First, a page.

Here, you can see a little bit better…
Okay – those were the jury choices. Everyone not on the jury, got a piece of paper and a pencil on which to scribble down their vote. Event volunteers and staff are probably tallying up the results as I write this – the closed the voting yesterday afternoon. Although I could very well understand the merits of each one, I didn’t vote for either of these. I’m going to post a few more photos of things I appreciated before I reveal my favorite.
This was probably the most bizarre of the displays. A mannequin covered in fluffy pompoms, flowers and butterflies. It was aptly named Cloud Walker.
I loved seeing the different interpretations of the challenge. Some where complex, and highly detailed, whereas others were quite simple. Some where constructed with immaculate precision and control, others showed free, artistic abandon. Many were very tied to the idea and significance of ‘moon’, others had more liberated sensibilities. This little tray of tea offerings was probably one of the simplest. It made me smile.
Stringing up all these glass beads, and then contorting the wire to conform to the idea must have taken forever.
Here was a mandala like ‘moon’, with a light and a dark side. Funny – I have grown all of the plants in it – except for the Chrysanthemum – with varying success. Come to think of it, I really miss my Ornithogalum. They must have perished this last winter. They bloomed beautifully the first year, but I never saw them again. Sigh… Need to plant those again – I really like them!
This entire display was immensely controlled. My favorite part of it was the wires criss-crossing the green base.
Hard to tell from this photo, but the effect of the strung up Mums was lovely against the dark gray stone floor.
For some reason, I liked this one a lot. It was rather simple, but somehow effective, I thought.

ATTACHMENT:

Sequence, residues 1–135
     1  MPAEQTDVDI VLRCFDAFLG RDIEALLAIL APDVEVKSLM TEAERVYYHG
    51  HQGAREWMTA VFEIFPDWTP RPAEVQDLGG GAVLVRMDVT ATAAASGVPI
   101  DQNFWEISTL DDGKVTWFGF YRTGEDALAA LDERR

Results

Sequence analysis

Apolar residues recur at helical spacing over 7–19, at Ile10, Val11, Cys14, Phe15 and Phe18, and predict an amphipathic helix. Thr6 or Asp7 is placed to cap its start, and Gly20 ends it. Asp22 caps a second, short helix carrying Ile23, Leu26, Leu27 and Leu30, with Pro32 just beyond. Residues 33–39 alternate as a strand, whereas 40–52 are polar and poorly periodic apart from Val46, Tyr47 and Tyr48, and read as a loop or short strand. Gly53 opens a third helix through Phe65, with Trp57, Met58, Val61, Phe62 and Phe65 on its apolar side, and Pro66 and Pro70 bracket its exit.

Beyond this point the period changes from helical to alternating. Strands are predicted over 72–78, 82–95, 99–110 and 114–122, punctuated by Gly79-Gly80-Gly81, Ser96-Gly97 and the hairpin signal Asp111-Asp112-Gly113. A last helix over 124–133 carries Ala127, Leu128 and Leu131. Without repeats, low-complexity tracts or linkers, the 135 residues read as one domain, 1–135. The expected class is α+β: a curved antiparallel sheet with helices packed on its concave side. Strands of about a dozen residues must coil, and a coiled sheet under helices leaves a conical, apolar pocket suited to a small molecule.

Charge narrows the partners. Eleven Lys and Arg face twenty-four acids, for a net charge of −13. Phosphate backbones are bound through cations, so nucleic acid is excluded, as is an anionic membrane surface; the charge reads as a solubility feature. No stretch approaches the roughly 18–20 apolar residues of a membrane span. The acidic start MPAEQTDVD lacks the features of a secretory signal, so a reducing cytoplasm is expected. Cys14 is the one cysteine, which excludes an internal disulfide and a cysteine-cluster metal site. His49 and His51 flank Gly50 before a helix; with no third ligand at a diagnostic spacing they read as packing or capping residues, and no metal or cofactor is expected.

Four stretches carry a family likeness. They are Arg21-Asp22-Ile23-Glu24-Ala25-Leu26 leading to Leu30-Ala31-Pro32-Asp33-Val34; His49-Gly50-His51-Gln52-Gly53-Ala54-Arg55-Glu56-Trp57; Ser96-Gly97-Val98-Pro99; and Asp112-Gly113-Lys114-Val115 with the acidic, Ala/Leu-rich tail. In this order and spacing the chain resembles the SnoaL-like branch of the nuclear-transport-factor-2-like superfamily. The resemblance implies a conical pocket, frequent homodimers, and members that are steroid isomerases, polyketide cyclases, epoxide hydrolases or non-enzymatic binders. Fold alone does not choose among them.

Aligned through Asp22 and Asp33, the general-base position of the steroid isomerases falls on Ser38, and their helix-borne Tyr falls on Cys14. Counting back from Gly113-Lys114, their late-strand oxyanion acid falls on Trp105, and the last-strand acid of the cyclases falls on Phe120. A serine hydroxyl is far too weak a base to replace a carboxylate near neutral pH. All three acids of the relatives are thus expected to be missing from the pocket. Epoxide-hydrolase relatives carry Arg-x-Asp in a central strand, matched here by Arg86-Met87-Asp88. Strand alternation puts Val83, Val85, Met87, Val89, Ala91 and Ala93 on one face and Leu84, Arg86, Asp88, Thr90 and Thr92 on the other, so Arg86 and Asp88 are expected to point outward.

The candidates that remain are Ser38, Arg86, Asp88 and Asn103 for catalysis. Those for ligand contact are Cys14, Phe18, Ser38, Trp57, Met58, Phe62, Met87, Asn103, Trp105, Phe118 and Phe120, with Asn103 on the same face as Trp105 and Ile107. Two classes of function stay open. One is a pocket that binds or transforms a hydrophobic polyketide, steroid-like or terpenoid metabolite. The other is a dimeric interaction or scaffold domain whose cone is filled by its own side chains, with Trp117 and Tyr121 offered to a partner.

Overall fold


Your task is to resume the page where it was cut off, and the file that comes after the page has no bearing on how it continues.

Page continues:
See the recurring theme here? There were lots of circles…
There were Mums made of felted wool.
I thought this panel of felted wool netting was just beautiful!
Of course there were Mums on display outside in the gardens, too. Lots of them…
Seen like this, they are actually not too bad. A big difference from those sad little offerings at your neighborhood Freddie’s.
Is it just me, or why do we never see green Mums for sale with actual roots? I only ever see them as cut flowers…
Finally – THIS was my favorite! It was called ‘Reflections of a Bird Brain’. I found it clever, humorous, and incredibly well put together. The fact that it contained both ferns, grasses, and palm fronds probably didn’t impede its chances with me, either.
Its body was a colorful melange of feathery plants.
Here is a somewhat fuzzy close-up.
The scull was an actual bird scull, with starry, bicolored Mums for eyes.
Close-up shot of some of the plants and materials used in this design. I was intrigued to see luffa. Wonder what that blue fruit is…? It’s too purple to be Decaisnea – or Dead Man’s Fingers…
So much to admire!
Perched over a printed stream with rocks added for emphasis, this particular Bird Brain was scanning for prey with its head turned away from the people coming to see him. I loved that the artists (Lin Petrus & Theresa Macklin) added a mirror suspended from a branch, that reflected his face. Nice touch! After having cast my vote, this Bird Brain went home to charge her camera, so she could come back. (Glad I did.)